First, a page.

Unfortunately we are given another mediocre video transfer on another Christmas classic. A Christmas Story shines over it's counterpart National Lampoon's Christmas Vacation, but still fails to be great. For the most part, the colors are sharp, especially the reds. Skin tones took nice throughout, and distance shots look good. When we see outdoor scenes or close-ups, we can definitely see grain, and lots of it. There are even a couple of scenes where you can see a scratch on the film.


Well, what can I say, a Mono track to give us one speaker lovin. From what we are given it is a pretty decent mix with only a few spots where the highs will give you some troubles.


We are actually treated with almost all of the features that are on the 2-disc Special Edition released a couple years back on SD-DVD.

Commentary by Peter Billingsley & Bob Clark: This is a pretty nice commentary track, especially from Director Bob Clark. He really does a great job of explaining the entire process. He fills us in on casting decisions, like how Jack Nicholson was almost cast as Ralphie's they made snow on a limited budget...also some interesting insights on how they made if feel like it was in the 1940's and how still to this day there are people who ask if it was actually shot in the 1940's. I was a little disappointed with commentary by Peter Billingsley though; he doesn't have a lot to say, and when he does it seems like he is bored with the whole thing.

Daisy Red Ryder: A History: This is actually a really fun extra. They take us behind the scenes on the history of the Red Ryder, and also how it is assembled. We also are told that "they are not toys," referring to the Red Ryder Air Gun of course. And learn that they were named after the comic Red Ryder. Definitely worth a watch.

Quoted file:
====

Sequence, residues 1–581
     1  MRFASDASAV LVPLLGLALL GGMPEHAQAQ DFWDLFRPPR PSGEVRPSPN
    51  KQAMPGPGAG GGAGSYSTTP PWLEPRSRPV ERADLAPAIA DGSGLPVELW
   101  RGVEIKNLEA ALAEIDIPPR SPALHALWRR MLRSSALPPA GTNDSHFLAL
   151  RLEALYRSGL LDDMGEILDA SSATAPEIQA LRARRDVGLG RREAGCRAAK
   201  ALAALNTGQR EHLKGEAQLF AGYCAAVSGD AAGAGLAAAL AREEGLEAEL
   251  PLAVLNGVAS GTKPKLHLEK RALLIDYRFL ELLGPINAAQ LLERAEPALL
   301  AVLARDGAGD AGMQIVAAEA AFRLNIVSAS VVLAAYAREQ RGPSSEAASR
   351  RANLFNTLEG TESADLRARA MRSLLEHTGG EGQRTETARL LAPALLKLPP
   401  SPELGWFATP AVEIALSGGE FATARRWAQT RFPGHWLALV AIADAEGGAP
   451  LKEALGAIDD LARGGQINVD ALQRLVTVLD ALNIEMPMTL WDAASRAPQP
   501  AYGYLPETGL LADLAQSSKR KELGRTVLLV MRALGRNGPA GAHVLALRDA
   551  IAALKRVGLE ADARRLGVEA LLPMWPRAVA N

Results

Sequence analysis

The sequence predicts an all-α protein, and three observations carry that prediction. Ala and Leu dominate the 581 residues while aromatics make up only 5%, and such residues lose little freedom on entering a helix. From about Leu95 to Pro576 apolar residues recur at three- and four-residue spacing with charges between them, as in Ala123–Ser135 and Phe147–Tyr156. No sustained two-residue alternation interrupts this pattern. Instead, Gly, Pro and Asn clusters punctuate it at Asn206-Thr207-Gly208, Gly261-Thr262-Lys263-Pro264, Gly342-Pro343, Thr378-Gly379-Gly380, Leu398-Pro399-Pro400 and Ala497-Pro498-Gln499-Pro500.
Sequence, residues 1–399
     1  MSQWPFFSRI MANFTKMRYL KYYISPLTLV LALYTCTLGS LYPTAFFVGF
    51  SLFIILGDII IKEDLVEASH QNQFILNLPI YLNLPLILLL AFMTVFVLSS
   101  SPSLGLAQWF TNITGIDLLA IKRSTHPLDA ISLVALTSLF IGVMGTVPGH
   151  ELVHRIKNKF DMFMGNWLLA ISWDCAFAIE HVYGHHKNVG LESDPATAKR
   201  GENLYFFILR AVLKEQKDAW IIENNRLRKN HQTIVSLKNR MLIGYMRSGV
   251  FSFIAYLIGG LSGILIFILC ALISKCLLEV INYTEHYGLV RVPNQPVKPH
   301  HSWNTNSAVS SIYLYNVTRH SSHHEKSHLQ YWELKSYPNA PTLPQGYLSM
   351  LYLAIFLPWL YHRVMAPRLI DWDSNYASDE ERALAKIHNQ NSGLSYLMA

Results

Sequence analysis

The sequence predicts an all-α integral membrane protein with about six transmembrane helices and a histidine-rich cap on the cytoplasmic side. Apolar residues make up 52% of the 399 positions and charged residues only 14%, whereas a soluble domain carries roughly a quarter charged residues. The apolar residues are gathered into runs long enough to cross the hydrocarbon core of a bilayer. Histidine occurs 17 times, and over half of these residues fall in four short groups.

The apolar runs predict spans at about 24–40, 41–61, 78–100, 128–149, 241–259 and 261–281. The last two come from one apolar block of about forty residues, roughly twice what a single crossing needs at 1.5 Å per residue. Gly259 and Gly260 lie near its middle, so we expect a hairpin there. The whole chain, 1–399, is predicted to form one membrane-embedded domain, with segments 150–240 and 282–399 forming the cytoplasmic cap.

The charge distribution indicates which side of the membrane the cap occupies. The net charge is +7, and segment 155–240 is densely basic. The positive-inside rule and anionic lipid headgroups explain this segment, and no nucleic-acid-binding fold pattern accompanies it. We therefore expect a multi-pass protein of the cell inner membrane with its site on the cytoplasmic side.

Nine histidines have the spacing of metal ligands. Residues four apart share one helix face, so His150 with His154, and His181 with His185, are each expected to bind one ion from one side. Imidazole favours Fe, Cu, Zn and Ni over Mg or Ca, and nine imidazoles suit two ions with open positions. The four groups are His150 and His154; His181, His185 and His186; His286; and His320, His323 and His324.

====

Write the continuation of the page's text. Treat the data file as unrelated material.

Another Christmas Story: This documentary was first seen on the 2-Disc SD-DVD version, and is a lot of fun quite honestly. Peter Billingsley, Bob Clark, R.D Robb, Scott Schwartz, & Zack Ward all get back together to tell us what it was like shooting A Christmas Story. We get late night stories from the kids as they ordered room service and wake-up calls in the middle of the night for other sleeping cast and crew. There are stories of water balloons over the 14th floor balcony. Bob Clark continues to tell us how professional these kids were and how everything ran so perfectly. Again, definitely worth a watch to gain some insight on the journey behind A Christmas Story.

Get a Leg Up: This is a short documentary on the history of the Leg Lamp. We talk to the creators and the assemblers on how this thing came to life and is such a huge success still today.

Leg Lamp Spot: A funny little commercial for the Leg Lamp.

Script Pages: If you want to read deleted scenes, here you go!

Final Thoughts:

A Christmas Story is another classic Christmas movie. There are so many scenes that continually pop into my memory every holiday season, and I have many friends and family that quote it, laugh about it, and watch it over and over again. It is definitely another Christmas movie that my wife and I watch every year. The sound quality is poor, but the video quality shouldn't hold you back. If you don't own this movie already, this is a must buy. If you own this on SD-DVD already, the Blu-Ray version is a worthy upgrade solely for the reason of it being a classic, and one that you can watch every least once! I Recommend it!